Portrait Photographers Jensen Beach FL

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Julie Hughes
(772) 692-2200
3098 NW Federal Hwy
, FL
Photographic Specialities
Advertising \ Animals/Pets \ Children \ Commercial \ Families \ Fashion/Models \ Maternity \ NILMDTS \ Portrait \ Schools \ Wedding
Abbey of London Studio
PPA Degrees: Master Photographer \ Craftsman Photographer \ Certified Professional Photographer \ Approved Photographic Instructor

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Thomas Winter
(772) 463-8256
2108 SW Hunters Club Way
Palm City, FL
PhotoImages Corp

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Carolyn Lightcap
(561) 478-4472
4277 E. Main St.
Jupiter, FL
Lightcap Studios

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Sandy Colter
(772) 879-7902
657 SW College Park Road
Port St Lucie, FL
Artigraphs Photography LLC

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Dultmeier Diane Photography
(772) 223-0451
1000 Southeast Monterey Commons Blv
Stuart, FL
Vince Pepe
(772) 647-9440
2600 Kanner Hwy - Unit R2
Stuart, FL

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Ryan Zapatka
(772) 215-2218
1724 SE Indian St
Stuart, FL
Focused on Forever Studio

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Dawn Gilmore
(772) 216-3446
P.O. Box 7211
Port St Lucie , FL
Dawn V. Gilmore Photography

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NancyBell Hamilton
(561) 746-4511
325 W. Riverside Drive
Jupiter, FL
Photographs by Nancy, Inc.
FPP Degrees: Florida Degree of Photographic Excellence \ Florida Degree of Artistic Excellence \ Florida Service Award

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Photographics of the Treasure Coast Inc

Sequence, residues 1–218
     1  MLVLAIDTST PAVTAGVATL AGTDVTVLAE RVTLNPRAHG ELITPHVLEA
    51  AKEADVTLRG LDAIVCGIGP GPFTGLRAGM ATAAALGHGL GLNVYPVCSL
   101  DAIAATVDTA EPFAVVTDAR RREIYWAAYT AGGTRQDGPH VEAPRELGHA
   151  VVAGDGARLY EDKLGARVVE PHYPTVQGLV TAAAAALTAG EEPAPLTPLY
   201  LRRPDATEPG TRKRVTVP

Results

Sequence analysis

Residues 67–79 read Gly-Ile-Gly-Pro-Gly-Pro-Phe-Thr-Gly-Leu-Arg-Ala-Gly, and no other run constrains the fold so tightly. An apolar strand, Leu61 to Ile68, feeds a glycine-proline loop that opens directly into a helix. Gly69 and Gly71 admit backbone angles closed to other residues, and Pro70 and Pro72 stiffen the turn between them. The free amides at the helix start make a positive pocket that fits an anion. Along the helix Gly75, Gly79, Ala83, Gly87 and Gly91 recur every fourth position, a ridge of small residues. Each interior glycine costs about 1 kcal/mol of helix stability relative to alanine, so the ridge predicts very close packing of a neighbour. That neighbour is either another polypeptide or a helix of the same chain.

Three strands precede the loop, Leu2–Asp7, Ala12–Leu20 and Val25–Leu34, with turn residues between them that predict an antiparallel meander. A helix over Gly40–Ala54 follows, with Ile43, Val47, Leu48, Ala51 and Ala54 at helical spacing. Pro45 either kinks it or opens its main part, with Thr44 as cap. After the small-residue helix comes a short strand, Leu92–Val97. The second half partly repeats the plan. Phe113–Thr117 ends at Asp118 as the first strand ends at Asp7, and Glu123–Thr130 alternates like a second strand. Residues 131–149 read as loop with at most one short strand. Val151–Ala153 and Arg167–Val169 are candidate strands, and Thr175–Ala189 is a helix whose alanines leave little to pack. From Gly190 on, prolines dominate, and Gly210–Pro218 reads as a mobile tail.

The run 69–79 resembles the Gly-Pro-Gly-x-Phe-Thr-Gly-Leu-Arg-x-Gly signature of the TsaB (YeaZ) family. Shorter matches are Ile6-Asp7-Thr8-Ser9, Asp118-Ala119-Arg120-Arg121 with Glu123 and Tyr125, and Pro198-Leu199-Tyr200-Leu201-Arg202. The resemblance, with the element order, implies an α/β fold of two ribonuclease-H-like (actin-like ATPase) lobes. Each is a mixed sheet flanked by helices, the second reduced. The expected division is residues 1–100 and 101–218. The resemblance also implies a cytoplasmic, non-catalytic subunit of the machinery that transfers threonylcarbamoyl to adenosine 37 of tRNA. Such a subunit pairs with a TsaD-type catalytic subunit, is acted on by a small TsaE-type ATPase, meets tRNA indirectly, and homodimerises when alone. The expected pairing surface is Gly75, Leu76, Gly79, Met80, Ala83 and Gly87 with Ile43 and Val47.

(772) 220-1430
414 Colorado Avenue
Stuart, FL
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Give The Perfect Portrait

Give The Perfect Portrait—02/01/10

Make this Valentine’s Day extra special with a photo

A portrait of you and your significant other makes a wonderful Valentine’s Day gift. Just don’t make the mistake of thinking it’s the only gift you need to give; chocolates and flowers are always a good idea. It’s a little tricky to photograph yourself, but not nearly as impossible as you might think—especially if you follow these five tips.

1. Depending on where you live, a self-portrait this time of year may mean shooting indoors to avoid foul weather. If you can shoot outside, pick open shade or a spot where you’re not staring directly toward the sun. But for the majority who will be working inside, use window light or set up a flash to provide the illumination. Choose a location with a simple background that won’t be too distracting, and preferably pick an angle that allows enough space to use a long lens and compress the scene.

2. Position your camera on a tripod and compose the shot. Determine where you and your partner will be, and set up with him or her already in place. For two people, one seated (the taller) and one standing often works well. For a romantic portrait especially, the key is to get your heads close together. This can require some creative posing, so feel free to experiment until it looks just right. Remember, there’s nothing romantic about standing shoulder to shoulder and staring at the camera.

3. Now you’re ready to make an exposure. If you’ve got a long-enough cable release or a wireless remote, you can trip the shutter subtly by folding your arms to hide the trigger, or holding the release just out of frame. If no remote is available, use your camera’s self timer. The nice thing about a release is that you don’t have to get up to reset the timer and reposition yourself after every shot. Aside from making for good exercise, this can get old really fast, as it makes it much harder to fine-tune a composition.

4. Check the exposure, but mostly the composition, after every few shots and adjust your composition and body position as necessary. Camera LCDs are great for this, but better yet, tether your camera to a computer with its display facing your position so that you can see each shot as it’s made without getting up.

5. Remember, even though there are two of you and you’re the subject as well as the photographer, it’s still a portrait. All the traditional portrait rules still apply. Use a long lens to compress the scene and minimize depth of field. An open aperture also helps with this, while soft light will be flattering for skin and help prevent one partner’s face from casting a shadow on the other. No matter how you light, it’s bound to be a photo that's very memorable since it's a gift that comes straight from the heart.

Click here to read the rest of this article from Digital Photo Magazine